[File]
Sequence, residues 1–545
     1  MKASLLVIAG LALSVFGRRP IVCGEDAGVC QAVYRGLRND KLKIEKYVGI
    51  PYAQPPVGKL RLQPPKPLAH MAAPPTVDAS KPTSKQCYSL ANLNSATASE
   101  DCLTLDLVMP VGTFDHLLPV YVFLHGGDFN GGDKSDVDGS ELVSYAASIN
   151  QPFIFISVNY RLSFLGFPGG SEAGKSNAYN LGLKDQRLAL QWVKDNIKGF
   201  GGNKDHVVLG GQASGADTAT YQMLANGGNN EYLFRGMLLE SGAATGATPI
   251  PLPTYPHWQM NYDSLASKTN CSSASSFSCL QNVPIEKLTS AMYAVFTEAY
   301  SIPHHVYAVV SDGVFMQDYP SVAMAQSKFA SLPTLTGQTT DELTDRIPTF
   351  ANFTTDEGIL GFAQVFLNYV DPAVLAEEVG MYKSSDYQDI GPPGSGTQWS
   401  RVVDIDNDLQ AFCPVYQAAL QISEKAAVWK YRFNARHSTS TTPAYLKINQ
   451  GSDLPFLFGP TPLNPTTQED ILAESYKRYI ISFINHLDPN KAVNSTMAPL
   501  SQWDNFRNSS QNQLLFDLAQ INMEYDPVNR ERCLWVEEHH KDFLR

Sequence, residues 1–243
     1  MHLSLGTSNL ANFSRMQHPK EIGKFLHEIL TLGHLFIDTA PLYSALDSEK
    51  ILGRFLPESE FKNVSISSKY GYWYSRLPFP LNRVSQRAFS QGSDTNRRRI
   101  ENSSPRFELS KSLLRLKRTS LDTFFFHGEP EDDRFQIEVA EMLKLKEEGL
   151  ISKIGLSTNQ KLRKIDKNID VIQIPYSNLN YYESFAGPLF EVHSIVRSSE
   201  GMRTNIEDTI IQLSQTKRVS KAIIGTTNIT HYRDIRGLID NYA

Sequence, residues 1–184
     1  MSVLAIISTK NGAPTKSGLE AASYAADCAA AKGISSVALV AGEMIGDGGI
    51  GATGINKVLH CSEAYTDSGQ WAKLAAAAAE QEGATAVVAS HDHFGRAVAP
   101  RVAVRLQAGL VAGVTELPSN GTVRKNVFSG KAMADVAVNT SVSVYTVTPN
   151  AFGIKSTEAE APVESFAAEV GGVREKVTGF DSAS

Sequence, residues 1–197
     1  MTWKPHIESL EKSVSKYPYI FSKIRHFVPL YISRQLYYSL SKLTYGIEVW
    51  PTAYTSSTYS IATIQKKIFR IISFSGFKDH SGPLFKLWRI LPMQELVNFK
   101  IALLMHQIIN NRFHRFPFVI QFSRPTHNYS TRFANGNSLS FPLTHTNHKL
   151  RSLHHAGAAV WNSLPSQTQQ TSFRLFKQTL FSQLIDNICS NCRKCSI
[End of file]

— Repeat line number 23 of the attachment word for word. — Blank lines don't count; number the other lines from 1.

   151  AFGIKSTEAE APVESFAAEV GGVREKVTGF DSAS